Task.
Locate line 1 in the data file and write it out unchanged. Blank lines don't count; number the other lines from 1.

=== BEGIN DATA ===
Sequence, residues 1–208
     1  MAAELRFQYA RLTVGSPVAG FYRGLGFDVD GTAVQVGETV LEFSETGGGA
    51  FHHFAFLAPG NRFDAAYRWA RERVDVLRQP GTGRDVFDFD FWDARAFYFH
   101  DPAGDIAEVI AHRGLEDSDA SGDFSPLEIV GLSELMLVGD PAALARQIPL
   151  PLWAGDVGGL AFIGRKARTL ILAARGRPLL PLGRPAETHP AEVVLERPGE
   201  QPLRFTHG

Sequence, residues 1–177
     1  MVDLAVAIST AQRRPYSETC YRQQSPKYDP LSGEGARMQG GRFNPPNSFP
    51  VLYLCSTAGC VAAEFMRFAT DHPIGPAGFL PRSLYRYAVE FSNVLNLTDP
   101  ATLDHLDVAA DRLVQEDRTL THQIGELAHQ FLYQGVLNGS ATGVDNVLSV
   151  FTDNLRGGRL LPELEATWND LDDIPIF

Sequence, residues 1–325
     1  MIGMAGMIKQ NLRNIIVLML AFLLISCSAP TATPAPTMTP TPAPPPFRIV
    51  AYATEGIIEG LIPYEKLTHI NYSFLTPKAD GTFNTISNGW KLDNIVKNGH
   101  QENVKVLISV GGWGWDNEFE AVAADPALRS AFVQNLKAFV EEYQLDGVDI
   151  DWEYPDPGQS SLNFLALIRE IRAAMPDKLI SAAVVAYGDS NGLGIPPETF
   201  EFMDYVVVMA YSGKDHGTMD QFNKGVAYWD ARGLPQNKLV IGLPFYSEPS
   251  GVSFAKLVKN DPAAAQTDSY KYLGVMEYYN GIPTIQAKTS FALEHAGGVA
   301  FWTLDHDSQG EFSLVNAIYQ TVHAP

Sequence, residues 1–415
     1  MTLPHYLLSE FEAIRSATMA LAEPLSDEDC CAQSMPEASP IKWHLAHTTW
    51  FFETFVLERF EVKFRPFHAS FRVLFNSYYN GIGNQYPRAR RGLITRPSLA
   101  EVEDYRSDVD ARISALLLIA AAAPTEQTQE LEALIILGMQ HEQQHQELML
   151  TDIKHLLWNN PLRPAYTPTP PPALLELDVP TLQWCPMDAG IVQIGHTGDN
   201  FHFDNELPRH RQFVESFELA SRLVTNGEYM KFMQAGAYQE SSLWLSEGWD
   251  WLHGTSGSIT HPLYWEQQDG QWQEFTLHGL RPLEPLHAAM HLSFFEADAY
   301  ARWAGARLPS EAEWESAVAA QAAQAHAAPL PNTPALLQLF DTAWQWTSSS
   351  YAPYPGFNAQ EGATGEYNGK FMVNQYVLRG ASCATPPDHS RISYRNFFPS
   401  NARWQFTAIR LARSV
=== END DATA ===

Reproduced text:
Sequence, residues 1–208